Abstract. The purpose of the study was to explore the relationship between Job Satisfaction and Organizational Commitment and to investi- gate the moderating . Organizational Commitment and Job Satisfaction that satisfaction with relationships is an antecedent of commitment, which mediates its. Although numerous research works have been done to study the relationship between organizational commitment and job satisfaction, no such research is still .Authentic Leadership /Job Satisfaction / Organizational Commitment / Talent Retention
The study, which included persons, employed by 8 companies, revealed that existing models of work motivation need to be adapted to fit the empirical data, resulting in a revised research model elaborated in the paper.
In the proposed model, job involvement partially mediates the effect of job satisfaction on organizational commitment. Job satisfaction in Serbia is affected by work characteristics but, contrary to many studies conducted in developed economies, organizational policies and procedures do not seem significantly affect employee satisfaction.
Introduction In the current climate of turbulent changes, companies have begun to realize that the employees represent their most valuable asset Glen, ; Govaerts et al. Satisfied and motivated employees are imperative for contemporary business and a key factor that separates successful companies from the alternative. When considering job satisfaction and work motivation in general, of particular interest are the distinctive traits of these concepts in transition economies.
Serbia is a country that finds itself at the center of the South East region of Europe SEEwhich is still in the state of transition. Here transition refers to the generally accepted concept, which implies economic and political changes introduced by former socialist countries in Europe and beyond e.
Serbia exemplifies many of the problems faced by the SEE region as a whole, but also faces a number of problems uniquely related to the legacy of its past. Due to international economic sanctions, the country was isolated for most of the s, and NATO air strikes, related to the Kosovo conflict and carried out incaused significant damage to the industry and economy.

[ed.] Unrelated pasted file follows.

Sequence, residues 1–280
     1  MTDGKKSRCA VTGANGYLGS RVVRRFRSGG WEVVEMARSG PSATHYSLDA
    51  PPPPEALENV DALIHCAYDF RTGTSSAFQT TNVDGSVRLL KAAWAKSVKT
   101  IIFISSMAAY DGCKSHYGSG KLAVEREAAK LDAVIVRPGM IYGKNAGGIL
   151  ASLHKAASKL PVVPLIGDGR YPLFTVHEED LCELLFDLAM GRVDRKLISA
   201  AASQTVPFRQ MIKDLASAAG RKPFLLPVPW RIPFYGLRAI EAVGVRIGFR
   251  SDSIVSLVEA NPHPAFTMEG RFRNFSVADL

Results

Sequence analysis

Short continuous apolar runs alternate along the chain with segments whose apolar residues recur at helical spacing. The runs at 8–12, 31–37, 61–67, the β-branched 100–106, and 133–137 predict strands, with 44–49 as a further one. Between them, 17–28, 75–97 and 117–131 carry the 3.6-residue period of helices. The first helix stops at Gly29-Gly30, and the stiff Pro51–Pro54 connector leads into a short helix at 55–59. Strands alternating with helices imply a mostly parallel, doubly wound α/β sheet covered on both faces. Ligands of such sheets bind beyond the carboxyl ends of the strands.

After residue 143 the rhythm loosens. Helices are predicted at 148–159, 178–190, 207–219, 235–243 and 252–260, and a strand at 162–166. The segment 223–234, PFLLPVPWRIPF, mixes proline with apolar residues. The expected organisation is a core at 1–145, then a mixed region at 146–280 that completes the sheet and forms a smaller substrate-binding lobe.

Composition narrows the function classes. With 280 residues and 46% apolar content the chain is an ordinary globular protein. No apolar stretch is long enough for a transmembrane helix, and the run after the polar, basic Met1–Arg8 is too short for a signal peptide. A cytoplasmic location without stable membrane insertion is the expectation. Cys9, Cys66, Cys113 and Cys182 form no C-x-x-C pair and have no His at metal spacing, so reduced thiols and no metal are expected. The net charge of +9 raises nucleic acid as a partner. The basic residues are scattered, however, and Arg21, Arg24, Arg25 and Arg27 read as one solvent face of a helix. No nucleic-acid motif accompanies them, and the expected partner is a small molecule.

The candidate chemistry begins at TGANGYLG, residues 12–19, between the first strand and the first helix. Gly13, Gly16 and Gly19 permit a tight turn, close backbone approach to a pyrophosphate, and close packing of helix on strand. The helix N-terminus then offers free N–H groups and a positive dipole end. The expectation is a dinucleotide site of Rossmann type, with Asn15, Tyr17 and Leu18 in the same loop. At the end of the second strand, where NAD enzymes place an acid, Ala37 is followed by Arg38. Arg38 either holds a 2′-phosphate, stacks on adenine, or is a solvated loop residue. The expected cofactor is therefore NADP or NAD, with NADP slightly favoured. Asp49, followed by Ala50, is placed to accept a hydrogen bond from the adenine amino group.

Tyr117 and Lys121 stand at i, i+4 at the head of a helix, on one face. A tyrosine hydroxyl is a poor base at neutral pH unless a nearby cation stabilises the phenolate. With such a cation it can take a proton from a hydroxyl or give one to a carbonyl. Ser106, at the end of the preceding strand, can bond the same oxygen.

Transitioning to democracy in OctoberSerbia embarked on a period of economic recovery, helped by the introduction of long overdue reforms, major inflows of foreign investment and substantial assistance from international funding institutions and others in the international community.
The central issue of the transition process in Serbia and other such countries is privatization of public enterprises, which in Serbia ran slowly and with a number of interruptions, failures and restarts Radun et al.
The process led the Serbian industry into a state of industrial collapse, i. The average growth of Serbia's GDP in the last 5 years was very low, at 0. The structure of the GDP by sector in was: Taking into account the specific adversities faced by businesses in Serbia, we formulated two main research questions as a starting point for the analysis of the problem of work motivation in Serbia: To what extent are the previously developed models of work motivation such as the model of Locke and Latham, applicable to the transition economy and business practices in Serbia?
What is the nature of the relationships between different segments of work motivation job satisfaction, organizational commitment, job involvement and work characteristics? The Hawthorn experiment, conducted in early s Mayo,spurred the interest of organizational behavior researchers into the problem of work motivation.
Although Hawthorn focused mainly on the problems of increasing the productivity and the effects of supervision, incentives and the changing work conditions, his study had significant repercussions on the research of work motivation. Moreover, studies by Green, Wu, Whitten and Medlin point out the impact strategic human resources management has upon individual performance, organizational commitment, and satisfaction levels for the work of human resources professionals, who were vertically aligned with organizational mission and goals, and horizontally aligned with other organizational functions.
Despite the fact that a relationship between commitment and satisfaction could be observed, the understanding that commitment and satisfaction are related is not a consensus, nor is the concept that satisfaction is the antecedent of commitment, or its consequence.
Starting from the opinion of Mathieu and Zajacwho presuppose that the two constructs are related due to the lack of clarity on the impact of satisfaction on commitment, this study aimed to analyze the relationships between antecedent variables and commitment, highlighting the role of satisfaction in the two main prediction models tested in this study.